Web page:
Slope of Hope Blog Posts
This is the heart and soul of the web site. Here we have literally tens of thousands of posts dating back over a decade. These are listed in reverse chronological order. You can also click on any category icon to see posts tagged with that particular category.
In the beginning, Facebook connected the world. It brought new hope for humanity and individual, human connections. But the dark, underbelly of the Facebook Beast would be revealed in an unprecedented and extraordinarily jarring manner. A soulless serpent would slither in, unnoticed, and disrupt the otherwise innocent processes, effectively co-opting, undermining and exploiting the intended use of the “gift” Facebook had bestowed upon us, for darker, more nefarious purposes.
Hmmm… that sounds vaguely familiar.
Okay, there’s the requisite melodramatic opening scene that effectively outlines and condenses the evolutionary story and subsequent disruption of the Mother of all Social Media platforms. Fast forward to today, and we have an out of control, unmanageable behemoth of a company, whose right hand still doesn’t know what its left hand is doing. Although, to its credit… it’s trying. But it’s too little, too late. Users are dropping like flies in the haze of a media pest spray discharge. And, distrust of the platform in light of its many convoluted tools and rules, is rampant. Suddenly, the household name of Facebook, has become a household scourge.
However, Facebook continues to espouse the virtues and benefits of its life-changing, relationship-forging platform that started it all. Ah, Facebook… the originator of the great Social Medial Experiment. We were the first. Trust us. We’re trying… really. (more…)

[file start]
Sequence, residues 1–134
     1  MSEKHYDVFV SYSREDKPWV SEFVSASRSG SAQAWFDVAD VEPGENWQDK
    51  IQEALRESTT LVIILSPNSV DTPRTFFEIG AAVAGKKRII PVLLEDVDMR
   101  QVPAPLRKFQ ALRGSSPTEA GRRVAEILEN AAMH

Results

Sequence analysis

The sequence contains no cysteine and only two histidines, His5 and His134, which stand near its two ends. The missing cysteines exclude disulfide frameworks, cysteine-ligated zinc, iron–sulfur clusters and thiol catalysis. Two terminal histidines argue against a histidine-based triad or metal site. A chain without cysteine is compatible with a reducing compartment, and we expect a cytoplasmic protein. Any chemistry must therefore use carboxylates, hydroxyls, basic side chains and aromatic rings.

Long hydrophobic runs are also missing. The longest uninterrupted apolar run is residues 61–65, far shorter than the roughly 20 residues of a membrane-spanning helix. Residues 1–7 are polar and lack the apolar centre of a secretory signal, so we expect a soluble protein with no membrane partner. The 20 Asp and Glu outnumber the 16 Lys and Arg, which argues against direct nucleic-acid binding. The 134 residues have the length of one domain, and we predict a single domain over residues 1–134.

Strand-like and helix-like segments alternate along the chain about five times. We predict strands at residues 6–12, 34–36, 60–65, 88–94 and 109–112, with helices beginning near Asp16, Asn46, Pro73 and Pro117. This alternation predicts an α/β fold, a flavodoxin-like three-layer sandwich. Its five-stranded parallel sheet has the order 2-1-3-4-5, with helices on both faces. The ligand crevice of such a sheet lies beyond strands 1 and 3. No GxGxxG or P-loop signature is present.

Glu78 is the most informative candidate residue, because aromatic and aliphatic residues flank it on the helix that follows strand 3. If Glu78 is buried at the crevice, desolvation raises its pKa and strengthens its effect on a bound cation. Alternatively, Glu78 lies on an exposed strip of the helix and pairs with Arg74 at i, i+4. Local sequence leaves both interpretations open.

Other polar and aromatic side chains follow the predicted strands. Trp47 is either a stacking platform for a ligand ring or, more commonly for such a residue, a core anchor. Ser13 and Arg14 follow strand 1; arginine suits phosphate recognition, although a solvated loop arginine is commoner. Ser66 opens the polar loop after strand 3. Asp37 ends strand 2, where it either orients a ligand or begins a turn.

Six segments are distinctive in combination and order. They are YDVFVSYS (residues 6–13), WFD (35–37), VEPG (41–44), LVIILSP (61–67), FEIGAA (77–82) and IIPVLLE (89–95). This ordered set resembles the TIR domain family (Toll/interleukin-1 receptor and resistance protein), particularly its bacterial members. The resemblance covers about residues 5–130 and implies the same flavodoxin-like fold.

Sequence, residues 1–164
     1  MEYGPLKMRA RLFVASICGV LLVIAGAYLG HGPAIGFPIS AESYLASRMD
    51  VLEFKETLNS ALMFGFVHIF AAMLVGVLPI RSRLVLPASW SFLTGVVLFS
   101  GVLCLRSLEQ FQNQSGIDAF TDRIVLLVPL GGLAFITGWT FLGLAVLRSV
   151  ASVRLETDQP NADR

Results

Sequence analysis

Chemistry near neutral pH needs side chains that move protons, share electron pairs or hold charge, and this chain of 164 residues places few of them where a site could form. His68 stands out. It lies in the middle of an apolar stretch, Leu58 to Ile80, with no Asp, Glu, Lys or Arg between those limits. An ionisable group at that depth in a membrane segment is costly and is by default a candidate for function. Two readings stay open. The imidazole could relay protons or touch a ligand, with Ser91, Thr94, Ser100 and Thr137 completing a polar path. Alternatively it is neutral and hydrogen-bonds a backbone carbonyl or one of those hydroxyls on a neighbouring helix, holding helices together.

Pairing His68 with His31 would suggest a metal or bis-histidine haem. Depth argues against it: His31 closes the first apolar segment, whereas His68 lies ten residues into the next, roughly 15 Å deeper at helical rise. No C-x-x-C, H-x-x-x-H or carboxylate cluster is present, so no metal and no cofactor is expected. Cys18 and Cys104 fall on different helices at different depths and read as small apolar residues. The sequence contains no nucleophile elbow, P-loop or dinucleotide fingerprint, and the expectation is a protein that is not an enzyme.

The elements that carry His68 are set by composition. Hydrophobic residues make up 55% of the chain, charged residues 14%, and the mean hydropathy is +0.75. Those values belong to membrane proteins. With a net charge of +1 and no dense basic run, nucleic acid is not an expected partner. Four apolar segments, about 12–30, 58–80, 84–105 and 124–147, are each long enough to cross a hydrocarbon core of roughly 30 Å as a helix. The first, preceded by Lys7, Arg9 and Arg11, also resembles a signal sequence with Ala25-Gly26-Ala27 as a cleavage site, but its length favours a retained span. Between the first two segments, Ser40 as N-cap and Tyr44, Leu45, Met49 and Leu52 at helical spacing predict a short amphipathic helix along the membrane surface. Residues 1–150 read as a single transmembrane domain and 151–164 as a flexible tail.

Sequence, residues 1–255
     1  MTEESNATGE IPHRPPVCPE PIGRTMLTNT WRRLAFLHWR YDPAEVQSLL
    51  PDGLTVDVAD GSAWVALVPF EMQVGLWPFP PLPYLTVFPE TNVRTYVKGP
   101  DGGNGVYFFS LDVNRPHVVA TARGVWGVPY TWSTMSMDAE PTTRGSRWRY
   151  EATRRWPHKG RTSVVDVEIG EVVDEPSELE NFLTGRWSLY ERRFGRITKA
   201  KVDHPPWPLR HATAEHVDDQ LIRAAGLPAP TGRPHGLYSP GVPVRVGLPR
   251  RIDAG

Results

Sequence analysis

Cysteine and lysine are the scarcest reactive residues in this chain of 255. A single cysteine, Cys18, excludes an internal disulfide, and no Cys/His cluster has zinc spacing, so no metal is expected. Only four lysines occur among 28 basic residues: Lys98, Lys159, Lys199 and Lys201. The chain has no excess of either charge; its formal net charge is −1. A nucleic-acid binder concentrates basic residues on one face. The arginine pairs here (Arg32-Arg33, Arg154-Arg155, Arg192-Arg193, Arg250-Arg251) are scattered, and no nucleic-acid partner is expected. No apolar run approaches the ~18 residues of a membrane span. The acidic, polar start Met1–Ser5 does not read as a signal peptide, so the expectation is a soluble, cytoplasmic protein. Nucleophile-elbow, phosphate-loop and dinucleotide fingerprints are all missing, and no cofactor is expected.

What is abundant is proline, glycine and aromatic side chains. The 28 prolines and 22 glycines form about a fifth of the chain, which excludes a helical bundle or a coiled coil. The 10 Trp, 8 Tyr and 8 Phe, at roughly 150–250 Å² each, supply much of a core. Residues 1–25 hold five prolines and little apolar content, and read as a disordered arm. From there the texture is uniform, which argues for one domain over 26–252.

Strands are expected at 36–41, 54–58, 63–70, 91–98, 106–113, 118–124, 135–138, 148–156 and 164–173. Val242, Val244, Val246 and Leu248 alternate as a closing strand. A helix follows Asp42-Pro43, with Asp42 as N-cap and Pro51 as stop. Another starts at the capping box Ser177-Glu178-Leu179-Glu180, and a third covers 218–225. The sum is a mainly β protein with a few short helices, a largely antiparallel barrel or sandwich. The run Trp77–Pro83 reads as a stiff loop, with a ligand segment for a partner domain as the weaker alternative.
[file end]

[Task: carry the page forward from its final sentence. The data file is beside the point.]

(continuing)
There was a time, many years ago, that Netflix was this scrawny little small-cap stock of a firm that mailed DVDs to monthly subscribers. I was an early user of Netflix, and I absolutely loved it. (They are based here in the Bay Area). No one dared dream they would have a market cap of over $160 billion, as they do today. If you told someone ten years ago that Netflix would dwarf General Electric in terms of value, they would have laughed you right out of the room.
Although it’s a darling these days, six years ago, Netflix was absolute dog meat. They had introduced a product called Qwikster, which was considered the biggest product debacle since New Coke. By late summer of 2012, the stock had fallen 80%. Now just take a moment and consider that. Try to imagine, say, Amazon falling from 1844 to 377 in the span of a few months. On top of this, it’s not like they were in the throes of an economic meltdown. This was 2012, when the recover and QE fever were all the rage. So NFLX was garbage, and the news media reflected it: (more…)
Looking at the past decade of volatility, the trend is clear:
(a) occasional spikes every couple of years
(b) even during the spikes, a high which is lower than the prior high
(c) a gradual grind down to a $VIX almost at single digits, lingering around 11-12
Those of us of a certain age will recall a frequent television commercial for paper towels illustrating how much more absorbent they were than the competition. They were described as “the quicker picker-upper“, and their absorbent qualities would be illustrated thusly:
It occurs to me that this is precisely the kind of market we are in right now. If bad news comes, sure, there might be a day or two of rumbling and hand-wringing, but it all gets absorbed, it all gets digested, and everyone moves on. Recent history has been just another example of this resilience. All the horror about a global trade war seems to have been shrugged off in a matter of three days. (more…)
TPO stands for Time Price Opportunity. By using a TPO profile chart, you are able to analyze the amount of trading activity, based on time, for each price level that the market traded at for any given time period. The Point of Control (POC) is the price where it spent the most time during that period and in that timeframe.